The Cross House
This Friday I am having a party at the Cross House.
A party! It is my very first in the house!
The party is to celebrate the house receiving a Heritage Trust grant. However, it will be quite surreal having a gala in rooms which look like bombs have gone off. There is missing plaster, dangling wires, holes in floors, and dust dust dust everywhere. And more dust.
Before entering the house, every guest will have to sign a waiver, stating that they cannot sue me if they vanish into a hole, get strangled on a dangling electrical cord, or any number of potential mishaps inherent with a big old house under a full-blown restoration.
While all the rooms are in various stages of near-ruin, I am, quite perversely, doing what I can to add a modicum of civility to the evening. I have been feverishly, for example, vacuuming the intricate stair balustrades, and then hand-washing each component. The stair looks amazingly better, no matter that the surrounding walls and ceiling look like something in ancient Egypt.
Most of the first floor has intricate Lincrustra on the lower portion of the walls. This is all caked in dust, which even a vacuuming does not fully remove. So, there I am, sitting on my 58-year-old butt, washing every inch with water laced with Murphy’s oil soap, an old rag, and an all-important toothbrush. Even though the Lincrusta will soon be covered in dust again, I am exalted over how much better this wonderful feature of the house looks. For a brief moment.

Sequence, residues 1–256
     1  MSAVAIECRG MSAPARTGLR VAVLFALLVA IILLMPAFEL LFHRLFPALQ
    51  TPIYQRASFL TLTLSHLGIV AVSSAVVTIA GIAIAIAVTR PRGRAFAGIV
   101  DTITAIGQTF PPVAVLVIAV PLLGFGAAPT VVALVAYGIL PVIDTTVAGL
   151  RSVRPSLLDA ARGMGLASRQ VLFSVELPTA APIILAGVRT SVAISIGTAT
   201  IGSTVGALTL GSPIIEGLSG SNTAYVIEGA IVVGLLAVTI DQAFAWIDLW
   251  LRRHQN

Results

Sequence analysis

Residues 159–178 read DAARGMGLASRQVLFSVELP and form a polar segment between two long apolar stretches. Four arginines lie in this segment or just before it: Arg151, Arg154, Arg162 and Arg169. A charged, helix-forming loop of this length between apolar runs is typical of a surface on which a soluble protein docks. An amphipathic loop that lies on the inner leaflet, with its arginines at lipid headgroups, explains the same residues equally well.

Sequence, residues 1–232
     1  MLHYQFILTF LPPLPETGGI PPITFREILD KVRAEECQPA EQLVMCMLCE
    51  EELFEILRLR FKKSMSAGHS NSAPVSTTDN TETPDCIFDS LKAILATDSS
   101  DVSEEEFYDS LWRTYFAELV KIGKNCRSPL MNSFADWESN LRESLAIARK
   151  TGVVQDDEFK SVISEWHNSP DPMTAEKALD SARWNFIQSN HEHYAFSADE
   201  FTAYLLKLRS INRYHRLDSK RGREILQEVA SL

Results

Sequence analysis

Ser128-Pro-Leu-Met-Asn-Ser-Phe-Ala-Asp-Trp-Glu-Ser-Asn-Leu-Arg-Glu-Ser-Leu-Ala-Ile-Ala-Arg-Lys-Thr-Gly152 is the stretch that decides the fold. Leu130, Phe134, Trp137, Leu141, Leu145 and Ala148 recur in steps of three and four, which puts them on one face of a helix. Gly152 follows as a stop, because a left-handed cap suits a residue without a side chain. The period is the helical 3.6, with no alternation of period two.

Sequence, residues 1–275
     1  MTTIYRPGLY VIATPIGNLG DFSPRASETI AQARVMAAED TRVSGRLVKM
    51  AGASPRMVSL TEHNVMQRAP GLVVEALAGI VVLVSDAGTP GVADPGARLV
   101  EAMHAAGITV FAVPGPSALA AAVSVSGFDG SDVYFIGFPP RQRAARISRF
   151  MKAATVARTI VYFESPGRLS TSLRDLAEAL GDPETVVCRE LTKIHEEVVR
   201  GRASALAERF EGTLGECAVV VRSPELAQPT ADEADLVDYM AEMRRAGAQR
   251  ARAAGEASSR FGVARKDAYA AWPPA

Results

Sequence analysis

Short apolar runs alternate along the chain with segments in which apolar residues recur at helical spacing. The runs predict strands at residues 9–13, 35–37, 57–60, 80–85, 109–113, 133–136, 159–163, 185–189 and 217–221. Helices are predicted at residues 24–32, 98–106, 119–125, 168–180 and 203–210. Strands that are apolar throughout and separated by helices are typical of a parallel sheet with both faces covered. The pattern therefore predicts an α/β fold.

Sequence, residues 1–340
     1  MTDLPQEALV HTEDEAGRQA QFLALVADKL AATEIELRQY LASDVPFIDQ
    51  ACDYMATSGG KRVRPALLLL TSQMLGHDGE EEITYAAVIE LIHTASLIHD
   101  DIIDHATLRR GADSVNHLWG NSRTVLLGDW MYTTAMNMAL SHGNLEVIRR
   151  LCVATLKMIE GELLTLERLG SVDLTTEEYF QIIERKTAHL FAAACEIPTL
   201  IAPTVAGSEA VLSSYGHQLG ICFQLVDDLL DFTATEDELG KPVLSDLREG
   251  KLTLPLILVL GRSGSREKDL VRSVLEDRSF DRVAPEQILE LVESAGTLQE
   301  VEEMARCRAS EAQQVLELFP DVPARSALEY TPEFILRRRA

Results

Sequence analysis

In the dining room, I have hung up a huge crystal George III-style chandelier purchased for the house. It was a thrill to uncrate the monster and see it glittering in the Cross House. Even though it, too, will be covered in dust by next week, I am exalted over this showy bit of bling, no matter its temporary magnificence, and keep sitting in chair to stare at it in abject wonder.
Under the glittering chandelier is a massive table, also purchased for the house. It, too, has been revealed at last and is all polished up.
In the living room (looking not too bad after months of work) I have uncovered a sofa which has been encased in shrink-wrap since last year. After the party the mummification of the sofa will resume but in the meantime it is a joy to, you know, sit on the damn thing.
There are eight mantles in the house, and all eight have been vacuumed and Murphy-soaped and scrubbed and toothbrushed into a surprisingly presentable state. For now.
In the basement I — nut that I am — vacuumed the four high-effenciency pulse boilers (for the radiators), and then washed each. Then I toothbrushed clean the cute little green/red on/off indicator lights. Upon completion, I stood back…and smiled.
In short, for the first time since owning the house some parts are VERY clean all the while being surrounding by hard evidence of bomb damage. This past week, I keep wandering slowing through the many rooms slightly awestruck by the surreal juxtaposition.
The rational part of my brain (a very small part) thinks all this cleaning is a waste of time. It is, really, but an inner knowing disagrees. For, isn’t it important, on a long-term restoration project, to occasionally step back, bring out the water and soap and all-important toothbrush, and do what you can to make the rooms shine? As a reminder: This is what I am working toward.